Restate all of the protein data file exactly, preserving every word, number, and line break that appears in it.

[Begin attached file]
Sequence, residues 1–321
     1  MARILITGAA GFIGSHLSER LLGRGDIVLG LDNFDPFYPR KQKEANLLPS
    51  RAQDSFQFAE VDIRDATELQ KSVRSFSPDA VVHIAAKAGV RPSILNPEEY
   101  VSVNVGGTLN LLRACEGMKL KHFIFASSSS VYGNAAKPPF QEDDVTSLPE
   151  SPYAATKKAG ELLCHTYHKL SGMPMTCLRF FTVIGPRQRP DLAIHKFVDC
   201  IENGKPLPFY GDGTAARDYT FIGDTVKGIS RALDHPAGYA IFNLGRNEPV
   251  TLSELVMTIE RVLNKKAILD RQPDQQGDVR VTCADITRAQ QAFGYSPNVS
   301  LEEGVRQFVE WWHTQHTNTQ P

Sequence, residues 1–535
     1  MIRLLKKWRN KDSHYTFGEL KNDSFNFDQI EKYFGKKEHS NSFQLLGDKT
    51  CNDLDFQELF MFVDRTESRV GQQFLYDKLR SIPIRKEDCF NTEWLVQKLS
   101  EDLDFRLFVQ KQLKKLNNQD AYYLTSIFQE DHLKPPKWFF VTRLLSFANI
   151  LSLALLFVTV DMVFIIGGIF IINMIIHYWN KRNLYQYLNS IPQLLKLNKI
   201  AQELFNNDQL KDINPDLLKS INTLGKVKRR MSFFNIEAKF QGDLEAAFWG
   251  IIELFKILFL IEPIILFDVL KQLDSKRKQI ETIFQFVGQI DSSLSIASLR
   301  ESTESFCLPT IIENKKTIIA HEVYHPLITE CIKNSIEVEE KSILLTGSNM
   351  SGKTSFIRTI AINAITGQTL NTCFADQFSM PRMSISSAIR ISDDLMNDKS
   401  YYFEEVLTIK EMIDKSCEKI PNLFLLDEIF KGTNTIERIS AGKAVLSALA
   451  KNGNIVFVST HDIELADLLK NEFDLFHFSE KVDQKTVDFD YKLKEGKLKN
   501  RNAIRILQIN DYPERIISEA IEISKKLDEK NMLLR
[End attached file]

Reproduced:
Sequence, residues 1–321
     1  MARILITGAA GFIGSHLSER LLGRGDIVLG LDNFDPFYPR KQKEANLLPS
    51  RAQDSFQFAE VDIRDATELQ KSVRSFSPDA VVHIAAKAGV RPSILNPEEY
   101  VSVNVGGTLN LLRACEGMKL KHFIFASSSS VYGNAAKPPF QEDDVTSLPE
   151  SPYAATKKAG ELLCHTYHKL SGMPMTCLRF FTVIGPRQRP DLAIHKFVDC
   201  IENGKPLPFY GDGTAARDYT FIGDTVKGIS RALDHPAGYA IFNLGRNEPV
   251  TLSELVMTIE RVLNKKAILD RQPDQQGDVR VTCADITRAQ QAFGYSPNVS
   301  LEEGVRQFVE WWHTQHTNTQ P

Sequence, residues 1–535
     1  MIRLLKKWRN KDSHYTFGEL KNDSFNFDQI EKYFGKKEHS NSFQLLGDKT
    51  CNDLDFQELF MFVDRTESRV GQQFLYDKLR SIPIRKEDCF NTEWLVQKLS
   101  EDLDFRLFVQ KQLKKLNNQD AYYLTSIFQE DHLKPPKWFF VTRLLSFANI
   151  LSLALLFVTV DMVFIIGGIF IINMIIHYWN KRNLYQYLNS IPQLLKLNKI
   201  AQELFNNDQL KDINPDLLKS INTLGKVKRR MSFFNIEAKF QGDLEAAFWG
   251  IIELFKILFL IEPIILFDVL KQLDSKRKQI ETIFQFVGQI DSSLSIASLR
   301  ESTESFCLPT IIENKKTIIA HEVYHPLITE CIKNSIEVEE KSILLTGSNM
   351  SGKTSFIRTI AINAITGQTL NTCFADQFSM PRMSISSAIR ISDDLMNDKS
   401  YYFEEVLTIK EMIDKSCEKI PNLFLLDEIF KGTNTIERIS AGKAVLSALA
   451  KNGNIVFVST HDIELADLLK NEFDLFHFSE KVDQKTVDFD YKLKEGKLKN
   501  RNAIRILQIN DYPERIISEA IEISKKLDEK NMLLR